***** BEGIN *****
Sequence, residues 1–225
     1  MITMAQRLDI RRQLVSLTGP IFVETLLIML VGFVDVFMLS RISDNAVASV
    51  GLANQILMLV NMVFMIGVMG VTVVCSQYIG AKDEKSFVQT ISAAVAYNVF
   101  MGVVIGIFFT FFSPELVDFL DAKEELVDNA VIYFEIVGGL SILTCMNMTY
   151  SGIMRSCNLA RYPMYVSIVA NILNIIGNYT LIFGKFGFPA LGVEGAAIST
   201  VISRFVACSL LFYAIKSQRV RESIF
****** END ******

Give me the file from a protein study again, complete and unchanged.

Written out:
Sequence, residues 1–225
     1  MITMAQRLDI RRQLVSLTGP IFVETLLIML VGFVDVFMLS RISDNAVASV
    51  GLANQILMLV NMVFMIGVMG VTVVCSQYIG AKDEKSFVQT ISAAVAYNVF
   101  MGVVIGIFFT FFSPELVDFL DAKEELVDNA VIYFEIVGGL SILTCMNMTY
   151  SGIMRSCNLA RYPMYVSIVA NILNIIGNYT LIFGKFGFPA LGVEGAAIST
   201  VISRFVACSL LFYAIKSQRV RESIF